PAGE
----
Transcriptomics

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Transcriptomic and metabolic responses of Staphylococcus aureus exposed to supra-physiological temperatures


ABSTRACT: Previous evaluation by different molecular and physiological assays of Staphylococcus aureus (S. aureus) responses to heat shock exposure yielded a still fragmentary view of the mechanisms determining bacterial survival or death at supra-physiological temperatures. This study analyzed diverse facets of S. aureus heat-shock adjustment by recording global transcriptomic and metabolic responses of bacterial cultures shifted for 10 min from 37oC to a sub-lethal (43oC) or eventually lethal (48oC) temperature. A relevant metabolic model of the combined action of specific stress response mechanisms with more general, energy-regulating metabolic pathways in heat-shocked S. aureus was designed. While S. aureus cultures shifted to 43oC or left at 37oC showed marginal differences in growth and survival rates, bacterial cultures exposed to 48oC showed a rapid growth arrest followed by a subsequent decline in viable counts. The most substantial heat shock-induced changes at both 43oC and 48oC occurred in transcript levels of HrcA- and CtsR-regulated genes, encoding classical chaperones DnaK and GroESL, and some Hsp100/Clp ATPases components, respectively. Other metabolic pathways up-regulated by S. aureus exposure at 48oC included genes encoding several enzymes coping with oxidative stress, and DNA damage, or/and impaired osmotic balance. Some major components of the pentose phosphate cycle and gluconeogenesis were also up-regulated, which reflected depletion of free glucose by bacterial cultures grown in Mueller-Hinton broth prior to heat shock. In contrast, most purine- and pyrimidine-synthesis pathway components and amino acyl-tRNA synthetases were down-regulated at 48oC, as well as arginine deiminase and major fermentative pathway components, such as alcohol, lactate and formate dehydrogenases. Despite the heat-induced, increased requirements for ATP-dependent macromolecular repair mechanisms combined with declining energy sources, intracellular ATP levels remained remarkably constant during heat shock. In conclusion, the sequential loss of replication and viability at 48oC cannot be explained by significant reductions in intracellular ATP levels, but may reflect ATP rerouting for macromolecular repair mechanisms and cell survival. Our metabolic model also suggests that heat-stressed S. aureus should down-regulate the production of potential, DNA-damaging reactive oxygen species that might result from electron transport-generated ATP, involving excessive levels of free heavy metals, in particular iron. Keywords: Staphylococcus aureus; heat shock; stress responses; transcriptomic profiling; physiological adjustment Comparative transcriptomic profiling of late log phase cultures of S. aureus ISP794, exposed to 43°C vs. 37°C, or 48°C vs. 37°C. We performed triplicate measurements from independently grown cultures for each heat stress condition.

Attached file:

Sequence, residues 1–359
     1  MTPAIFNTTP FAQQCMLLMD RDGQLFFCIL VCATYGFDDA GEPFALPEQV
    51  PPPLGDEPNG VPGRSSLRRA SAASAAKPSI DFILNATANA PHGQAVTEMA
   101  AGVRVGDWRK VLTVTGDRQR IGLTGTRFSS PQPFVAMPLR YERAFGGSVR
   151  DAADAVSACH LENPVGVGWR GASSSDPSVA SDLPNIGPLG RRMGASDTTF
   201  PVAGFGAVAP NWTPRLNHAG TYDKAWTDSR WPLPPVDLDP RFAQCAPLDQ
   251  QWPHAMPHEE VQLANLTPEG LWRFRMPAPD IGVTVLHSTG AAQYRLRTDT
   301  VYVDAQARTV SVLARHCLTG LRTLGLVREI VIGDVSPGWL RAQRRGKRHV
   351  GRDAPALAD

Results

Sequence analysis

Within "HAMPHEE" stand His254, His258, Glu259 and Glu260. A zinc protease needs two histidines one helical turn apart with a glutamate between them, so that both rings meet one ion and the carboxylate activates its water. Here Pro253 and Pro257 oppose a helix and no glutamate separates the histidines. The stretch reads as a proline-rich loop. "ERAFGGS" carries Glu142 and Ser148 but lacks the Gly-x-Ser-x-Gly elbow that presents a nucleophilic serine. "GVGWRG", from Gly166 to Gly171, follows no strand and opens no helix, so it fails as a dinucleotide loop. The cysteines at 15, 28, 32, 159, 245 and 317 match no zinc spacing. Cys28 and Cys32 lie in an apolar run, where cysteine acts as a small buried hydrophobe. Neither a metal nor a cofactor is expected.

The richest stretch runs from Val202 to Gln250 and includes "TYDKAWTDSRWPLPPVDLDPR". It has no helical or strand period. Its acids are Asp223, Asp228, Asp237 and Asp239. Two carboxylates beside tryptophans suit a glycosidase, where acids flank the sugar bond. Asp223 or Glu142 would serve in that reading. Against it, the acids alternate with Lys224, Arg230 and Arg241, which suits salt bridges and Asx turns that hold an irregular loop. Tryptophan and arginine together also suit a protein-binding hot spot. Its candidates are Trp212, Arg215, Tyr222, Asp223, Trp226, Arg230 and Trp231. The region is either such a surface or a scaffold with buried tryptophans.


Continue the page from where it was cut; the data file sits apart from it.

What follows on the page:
ORGANISM(S): Staphylococcus aureus  

SUBMITTER: Benedicte Fleury   William L Kelley  Pierre Vaudaux  Friedrich Gotz  Richard A Proctor  Daniel P Lew  Pierre E Vaudaux 

PROVIDER: E-GEOD-12920 | ArrayExpress | 2010-06-19

SECONDARY ACCESSION(S): GSE12920PRJNA110833

REPOSITORIES: GEO, ArrayExpress

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Transcriptomic and metabolic responses of Staphylococcus aureus exposed to supra-physiological temperatures.

Fleury Bénédicte B   Kelley William L WL   Lew Daniel D   Götz Friedrich F   Proctor Richard A RA   Vaudaux Pierre P  

BMC microbiology 20090422


BACKGROUND: Previous evaluation by different molecular and physiological assays of Staphylococcus aureus (S. aureus) responses to heat shock exposure yielded a still fragmentary view of the mechanisms determining bacterial survival or death at supra-physiological temperatures. This study analyzed diverse facets of S. aureus heat-shock adjustment by recording global transcriptomic and metabolic responses of bacterial cultures shifted for 10 min from 37 degrees C to a sub-lethal (43 degrees C) or  ...[more]

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